L.A. Vintage Commercials: Larry Parker
If Cal Worthingon’s lighthearted ads are a throwback to the shiny optimism of 1950s-era California (“pussycow” references notwithstanding), then the ads of Larry H. Parker showed us a grimmer, more materialistic side of life. My recollection of these comes mainly from watching the back-to-back episodes of the Twilight Zone that KTLA aired every noon during the summer.
Freaky as the T-Zone was, what made a stronger impression was Larry Parker’s commercials: a litany of wronged and/or injured citizens, each one inflated with self-righteousness as they announced the hefty verdicts or settlements that Larry had won on their behalf, and included the unforgettable formulation “Larry Parker got me” followed by some outrageous financial figure. This wasn’t about justice, it was about physical suffering translated into cold cash. The capper, though, was the African-American gentleman who appeared at the very end of the ad and famously proclaimed “Larry Parker got me” [dramatic half-pause] “2.1 million.” Sounds like a lot of cash, eh? Well, as anyone who was a kid in the 80s could tell you, it was a dead-ass fact (read: urban legend) that the reason they only showed the client’s head in a small frame was that he was paralyzed from the neck down. Other rumors added that he only had one leg. Some even had it that he was just a head and torso. Now how does that 2.1 million sound?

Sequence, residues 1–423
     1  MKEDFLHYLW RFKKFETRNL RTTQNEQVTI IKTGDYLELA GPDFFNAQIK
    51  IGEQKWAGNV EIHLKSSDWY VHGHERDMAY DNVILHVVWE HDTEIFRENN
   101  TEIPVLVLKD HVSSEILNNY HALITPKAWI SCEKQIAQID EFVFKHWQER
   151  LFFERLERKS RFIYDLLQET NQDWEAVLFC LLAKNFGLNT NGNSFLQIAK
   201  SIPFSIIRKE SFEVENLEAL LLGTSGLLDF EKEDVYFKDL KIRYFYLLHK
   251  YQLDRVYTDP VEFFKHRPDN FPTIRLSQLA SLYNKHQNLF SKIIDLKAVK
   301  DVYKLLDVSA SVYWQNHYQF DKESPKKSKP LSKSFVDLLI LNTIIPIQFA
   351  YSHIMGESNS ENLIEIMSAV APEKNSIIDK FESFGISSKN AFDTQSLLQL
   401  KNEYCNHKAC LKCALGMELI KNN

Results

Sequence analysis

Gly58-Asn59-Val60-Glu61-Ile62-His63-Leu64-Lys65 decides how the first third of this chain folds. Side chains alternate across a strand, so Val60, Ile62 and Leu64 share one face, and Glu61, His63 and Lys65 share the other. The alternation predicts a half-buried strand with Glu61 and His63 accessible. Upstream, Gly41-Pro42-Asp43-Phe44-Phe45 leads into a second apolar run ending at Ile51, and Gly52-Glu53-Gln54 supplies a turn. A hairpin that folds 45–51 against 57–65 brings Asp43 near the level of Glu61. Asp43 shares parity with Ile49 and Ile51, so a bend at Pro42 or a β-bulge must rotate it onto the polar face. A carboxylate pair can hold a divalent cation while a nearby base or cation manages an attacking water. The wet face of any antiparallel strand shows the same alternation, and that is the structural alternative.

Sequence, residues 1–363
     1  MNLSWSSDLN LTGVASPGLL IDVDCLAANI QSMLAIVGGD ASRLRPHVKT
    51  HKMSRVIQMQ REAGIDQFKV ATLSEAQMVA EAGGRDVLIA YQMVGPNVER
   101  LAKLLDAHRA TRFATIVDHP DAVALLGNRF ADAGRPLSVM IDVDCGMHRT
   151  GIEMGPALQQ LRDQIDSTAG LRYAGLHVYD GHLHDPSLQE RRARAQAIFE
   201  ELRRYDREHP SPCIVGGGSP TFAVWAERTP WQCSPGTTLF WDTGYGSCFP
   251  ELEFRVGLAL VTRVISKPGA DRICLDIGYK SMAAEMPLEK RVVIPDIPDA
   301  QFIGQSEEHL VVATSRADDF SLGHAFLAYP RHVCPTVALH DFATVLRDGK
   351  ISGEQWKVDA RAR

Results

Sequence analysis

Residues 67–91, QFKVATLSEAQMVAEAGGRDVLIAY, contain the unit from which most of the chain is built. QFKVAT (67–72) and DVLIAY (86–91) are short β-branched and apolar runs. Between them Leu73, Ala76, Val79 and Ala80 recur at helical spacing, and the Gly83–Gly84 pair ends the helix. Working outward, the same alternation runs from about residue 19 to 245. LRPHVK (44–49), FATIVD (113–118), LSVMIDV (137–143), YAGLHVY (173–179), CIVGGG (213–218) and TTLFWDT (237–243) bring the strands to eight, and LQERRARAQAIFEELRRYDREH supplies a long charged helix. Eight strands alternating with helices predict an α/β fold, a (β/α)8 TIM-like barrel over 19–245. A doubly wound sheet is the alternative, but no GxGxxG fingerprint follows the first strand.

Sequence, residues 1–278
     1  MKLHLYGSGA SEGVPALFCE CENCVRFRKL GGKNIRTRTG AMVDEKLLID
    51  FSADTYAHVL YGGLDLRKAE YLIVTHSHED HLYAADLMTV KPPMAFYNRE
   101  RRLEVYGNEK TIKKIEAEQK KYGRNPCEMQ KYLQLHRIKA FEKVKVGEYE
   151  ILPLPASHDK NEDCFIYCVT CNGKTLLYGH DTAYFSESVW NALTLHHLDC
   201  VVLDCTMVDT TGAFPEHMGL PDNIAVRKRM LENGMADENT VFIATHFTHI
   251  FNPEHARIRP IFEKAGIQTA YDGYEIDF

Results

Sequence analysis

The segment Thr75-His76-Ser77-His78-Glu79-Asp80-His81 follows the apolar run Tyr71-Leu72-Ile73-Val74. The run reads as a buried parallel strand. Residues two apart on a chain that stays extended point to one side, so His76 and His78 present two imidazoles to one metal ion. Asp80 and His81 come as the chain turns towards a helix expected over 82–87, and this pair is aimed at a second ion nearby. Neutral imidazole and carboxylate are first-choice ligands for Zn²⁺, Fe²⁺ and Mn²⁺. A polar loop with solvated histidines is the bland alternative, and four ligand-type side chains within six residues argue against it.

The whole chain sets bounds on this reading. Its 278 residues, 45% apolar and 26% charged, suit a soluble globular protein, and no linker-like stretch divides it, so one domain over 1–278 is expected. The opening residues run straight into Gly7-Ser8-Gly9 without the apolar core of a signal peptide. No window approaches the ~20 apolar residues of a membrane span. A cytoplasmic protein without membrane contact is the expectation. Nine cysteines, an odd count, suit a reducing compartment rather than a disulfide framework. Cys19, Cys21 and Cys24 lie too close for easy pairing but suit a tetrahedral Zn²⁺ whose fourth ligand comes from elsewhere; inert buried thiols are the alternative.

The cultural impact of the Larry Parker commercials reached far beyond just the pool of intended injury-suit clients. For one thing, dyslexic rockers “Korn” [sic] gave Larry a shout-out in their ballad “Wicked”: “I won’t choke like the Buffalo Bills, sittin at the pad just chillin; Larry Parker just got 2 million, oh what a fucking feeling.” In fact, Larry’s commercials may have helped change the way lawyers advertise. In order to counter expectations that injury victims were automatically entitled to loads of cash, regulations were passed preventing lawyers from announcing specific dollar-amount recoveries. In the kind of meta-twist that would give any cultural studies maven a hard-on, Larry responded to this move by bringing back the black quadriplegic spokesman, who now teases the audience with “Larry Parker got me . . . well, you know the story.”
The Parker legal juggernaut continues to chug along, apparently more robust than ever. And because I have no doubt that Larry would file a defamation suit against me if he read this, let me note here that this post was done in the spirit of lighthearted jest, is not meant to be factually accurate in the least, and is thus protected by the First Amendment. And in all fairness, I should note that Larry Parker’s firm sponsors a scholarship to underprivileged youth who demonstrate both academic skills and a propensity for gratuitously suing their classmates.